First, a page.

Some 72 percent of Israelis support Israel’s relief efforts for the ethnic Albanians who are fleeing Kosovo, according to a poll by the Israeli daily Yediot Aharonot. Israeli Prime Minister Binyamin Netanyahu spoke for many when he said last week: “Israel condemns the massacre being carried out by the Serbs and denounces any mass murder.”

Others, recalling how some Albanians actively supported the Nazis, find themselves less sympathetic to the plight of the Kosovar Albanians.

And still others, believing that the “friend of my enemy is my enemy,” are focused on the outside support for the Kosovo Liberation Army, which spearheaded the fight for independence from Serbia before Yugoslav President Slobodan Milosevic clamped down on the region with an iron fist.

Elyakim Haetzni, an outspoken supporter of Israeli nationalism, lashed out last week at the “leftists” who, in their support for the Kosovo refugees, are “ignoring the fact that the KLA was collaborating with the Iranians and other enemies of Israel.”

But even left-wing Israelis are not unanimous in support of the NATO raids.

Among them is Raul Teitelbaum, a veteran journalist who, at the end of 1943, was among the Jews of Prizren, Kosovo, who were put on a transport to Bergen-Belsen by members of an Albanian division that was working on behalf of the Nazi SS.

“Of course, there were among the Albanians those who fought against the Nazis,” Teitelbaum told JTA. “But those who now say that the Albanians were known to have given shelter to the Jews are manipulating history.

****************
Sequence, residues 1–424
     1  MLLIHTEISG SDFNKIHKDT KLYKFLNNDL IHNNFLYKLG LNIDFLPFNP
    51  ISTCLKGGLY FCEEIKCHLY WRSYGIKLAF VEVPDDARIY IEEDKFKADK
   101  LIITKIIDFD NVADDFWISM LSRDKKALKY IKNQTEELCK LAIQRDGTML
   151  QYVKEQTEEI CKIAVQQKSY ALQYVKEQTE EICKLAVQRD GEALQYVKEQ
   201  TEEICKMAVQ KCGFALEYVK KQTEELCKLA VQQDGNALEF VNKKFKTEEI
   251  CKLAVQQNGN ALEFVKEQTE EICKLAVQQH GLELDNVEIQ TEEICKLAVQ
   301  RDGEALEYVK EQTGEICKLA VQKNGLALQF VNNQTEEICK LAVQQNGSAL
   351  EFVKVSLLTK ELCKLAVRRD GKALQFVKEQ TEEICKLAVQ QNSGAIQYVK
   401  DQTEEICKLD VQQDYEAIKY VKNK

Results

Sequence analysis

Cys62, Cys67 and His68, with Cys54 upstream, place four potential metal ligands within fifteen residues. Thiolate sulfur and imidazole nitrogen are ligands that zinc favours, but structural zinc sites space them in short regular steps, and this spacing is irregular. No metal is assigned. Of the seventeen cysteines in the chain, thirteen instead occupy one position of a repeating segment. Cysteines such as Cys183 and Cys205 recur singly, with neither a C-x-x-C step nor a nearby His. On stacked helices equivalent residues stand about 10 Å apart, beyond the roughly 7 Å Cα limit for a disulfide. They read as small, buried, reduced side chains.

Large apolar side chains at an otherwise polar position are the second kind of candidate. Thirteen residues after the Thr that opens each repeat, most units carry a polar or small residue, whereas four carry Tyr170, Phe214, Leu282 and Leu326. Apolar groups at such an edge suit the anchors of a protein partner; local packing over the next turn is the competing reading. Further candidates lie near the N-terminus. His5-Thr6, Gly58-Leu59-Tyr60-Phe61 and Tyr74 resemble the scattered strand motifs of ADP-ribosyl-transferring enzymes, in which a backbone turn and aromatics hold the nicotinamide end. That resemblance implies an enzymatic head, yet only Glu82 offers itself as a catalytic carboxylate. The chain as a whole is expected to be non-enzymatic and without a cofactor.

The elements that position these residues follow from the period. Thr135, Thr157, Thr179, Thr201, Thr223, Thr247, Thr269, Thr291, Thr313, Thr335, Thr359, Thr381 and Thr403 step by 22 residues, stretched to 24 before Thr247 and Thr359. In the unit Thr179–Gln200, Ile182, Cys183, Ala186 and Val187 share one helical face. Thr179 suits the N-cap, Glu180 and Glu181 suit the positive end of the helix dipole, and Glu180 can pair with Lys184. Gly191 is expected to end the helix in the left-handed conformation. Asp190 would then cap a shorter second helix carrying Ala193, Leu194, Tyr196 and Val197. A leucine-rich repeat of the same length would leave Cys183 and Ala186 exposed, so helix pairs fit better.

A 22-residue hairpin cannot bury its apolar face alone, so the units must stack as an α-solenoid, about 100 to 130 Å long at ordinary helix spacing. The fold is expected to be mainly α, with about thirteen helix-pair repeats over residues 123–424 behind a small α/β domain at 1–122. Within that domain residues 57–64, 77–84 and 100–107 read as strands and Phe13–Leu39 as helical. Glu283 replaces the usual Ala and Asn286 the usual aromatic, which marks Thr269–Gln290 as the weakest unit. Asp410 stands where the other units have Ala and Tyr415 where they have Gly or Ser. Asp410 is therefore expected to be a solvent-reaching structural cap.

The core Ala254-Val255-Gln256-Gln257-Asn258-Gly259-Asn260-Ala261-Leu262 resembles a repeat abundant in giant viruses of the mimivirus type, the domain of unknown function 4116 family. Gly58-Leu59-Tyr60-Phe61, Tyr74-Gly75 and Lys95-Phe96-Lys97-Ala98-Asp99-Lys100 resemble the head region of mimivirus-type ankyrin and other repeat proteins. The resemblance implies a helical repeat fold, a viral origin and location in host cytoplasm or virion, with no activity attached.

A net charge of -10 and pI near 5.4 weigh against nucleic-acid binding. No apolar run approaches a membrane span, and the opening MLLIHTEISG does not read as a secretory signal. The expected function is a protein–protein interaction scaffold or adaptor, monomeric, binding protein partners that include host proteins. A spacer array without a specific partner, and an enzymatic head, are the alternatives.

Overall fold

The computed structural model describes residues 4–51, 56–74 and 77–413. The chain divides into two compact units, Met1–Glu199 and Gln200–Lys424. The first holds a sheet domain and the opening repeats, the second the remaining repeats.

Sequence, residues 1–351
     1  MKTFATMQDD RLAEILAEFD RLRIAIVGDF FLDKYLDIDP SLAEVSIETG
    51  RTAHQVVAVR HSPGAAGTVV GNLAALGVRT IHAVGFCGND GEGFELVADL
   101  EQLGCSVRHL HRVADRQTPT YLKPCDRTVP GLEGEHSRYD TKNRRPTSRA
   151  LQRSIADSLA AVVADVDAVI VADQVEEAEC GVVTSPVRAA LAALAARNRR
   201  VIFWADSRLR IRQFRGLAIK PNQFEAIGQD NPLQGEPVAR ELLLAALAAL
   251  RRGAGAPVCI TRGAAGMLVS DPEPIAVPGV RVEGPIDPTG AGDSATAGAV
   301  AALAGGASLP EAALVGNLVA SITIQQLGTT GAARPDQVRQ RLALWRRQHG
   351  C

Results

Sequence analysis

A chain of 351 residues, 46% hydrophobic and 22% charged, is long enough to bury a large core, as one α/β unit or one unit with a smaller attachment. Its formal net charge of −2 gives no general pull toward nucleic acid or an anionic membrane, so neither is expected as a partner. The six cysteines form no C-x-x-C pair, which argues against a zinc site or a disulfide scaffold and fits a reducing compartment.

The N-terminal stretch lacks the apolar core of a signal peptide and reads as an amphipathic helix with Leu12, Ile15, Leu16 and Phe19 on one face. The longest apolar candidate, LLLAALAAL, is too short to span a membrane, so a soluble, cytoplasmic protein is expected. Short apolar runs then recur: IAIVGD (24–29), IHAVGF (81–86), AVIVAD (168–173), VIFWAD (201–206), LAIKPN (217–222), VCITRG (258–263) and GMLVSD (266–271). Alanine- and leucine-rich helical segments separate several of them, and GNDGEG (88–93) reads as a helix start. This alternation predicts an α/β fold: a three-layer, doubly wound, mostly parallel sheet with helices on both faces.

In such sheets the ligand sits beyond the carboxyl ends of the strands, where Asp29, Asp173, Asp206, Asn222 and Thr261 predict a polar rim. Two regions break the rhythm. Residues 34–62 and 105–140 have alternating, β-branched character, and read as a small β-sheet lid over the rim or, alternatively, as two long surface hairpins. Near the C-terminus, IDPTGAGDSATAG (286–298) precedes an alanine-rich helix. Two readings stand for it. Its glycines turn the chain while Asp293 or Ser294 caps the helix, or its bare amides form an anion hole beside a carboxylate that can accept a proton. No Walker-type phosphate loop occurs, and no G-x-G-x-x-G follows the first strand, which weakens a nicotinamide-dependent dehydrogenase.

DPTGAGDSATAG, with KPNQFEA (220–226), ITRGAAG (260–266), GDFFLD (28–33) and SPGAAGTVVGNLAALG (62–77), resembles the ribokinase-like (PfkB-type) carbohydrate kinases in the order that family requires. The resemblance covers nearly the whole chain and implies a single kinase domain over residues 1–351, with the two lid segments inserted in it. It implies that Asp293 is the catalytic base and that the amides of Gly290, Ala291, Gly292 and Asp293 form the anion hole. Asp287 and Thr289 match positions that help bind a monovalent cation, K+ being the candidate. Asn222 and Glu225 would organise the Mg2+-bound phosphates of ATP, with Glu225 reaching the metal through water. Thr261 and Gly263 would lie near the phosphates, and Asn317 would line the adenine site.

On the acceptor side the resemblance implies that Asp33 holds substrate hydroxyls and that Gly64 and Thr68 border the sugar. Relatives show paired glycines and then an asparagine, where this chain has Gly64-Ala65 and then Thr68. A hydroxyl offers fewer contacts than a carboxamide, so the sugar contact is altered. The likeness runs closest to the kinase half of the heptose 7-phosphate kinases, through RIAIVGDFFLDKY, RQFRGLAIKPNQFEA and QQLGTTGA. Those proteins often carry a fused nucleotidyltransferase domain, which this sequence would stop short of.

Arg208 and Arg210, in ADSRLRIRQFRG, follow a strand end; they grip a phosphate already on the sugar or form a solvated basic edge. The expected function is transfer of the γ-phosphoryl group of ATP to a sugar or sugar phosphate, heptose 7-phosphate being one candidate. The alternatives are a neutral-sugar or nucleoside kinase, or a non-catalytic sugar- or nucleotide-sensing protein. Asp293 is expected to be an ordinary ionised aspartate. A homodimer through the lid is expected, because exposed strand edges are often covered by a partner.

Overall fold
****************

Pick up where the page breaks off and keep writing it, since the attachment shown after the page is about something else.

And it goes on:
“Clinton says the bombings in Yugoslavia are a lesson of the Holocaust. How can one compare this with the Holocaust? How can tiny Serbia be compared with a world power like Nazi Germany? How can Milosevic be compared with Hitler?”

Teitelbaum also questioned the effectiveness of the NATO raids.

“In a way, President Bill Clinton is the best ally of President Milosevic,” he said. “Thanks to the bombings, there is no longer any [internal] opposition to Milosevic. Thanks to the bombings, Milosevic is able to carry out ethnic cleansing on a scope he had never dreamed of before.”

On the other side of the divide, people such as Labor Knesset member Shlomo Ben-Ami, a historian, had only praise for the NATO operation. In his view, the operation has changed international norms of behavior in the face of atrocities that used to be considered “an internal matter.”

“Kosovo is a belated response to the Nazis,” said Ben-Ami. “From now on, intervention on a moral and humanitarian level is justified.”

Just the same, he conceded — as the Pentagon has already done — that the NATO strikes were unable to stop Serbian roundups of the ethnic Albanians.

“Alas, even the greatest military power in the world, the NATO alliance, cannot prevent a genocide,” said Ben-Ami.

As the public debate continued, the Israeli government, caught up in an election campaign, appeared uncertain how to respond to the NATO offensive.

Israel’s relations with Serbia have been problematic ever since the disintegration of Yugoslavia earlier in the decade. Despite memories of the Serbs as fellow victims of Nazi oppression and despite the fact that Bosnian Moslems were being aided by volunteers from Iran, Israel could not allow itself to support Milosevic, an international outcast.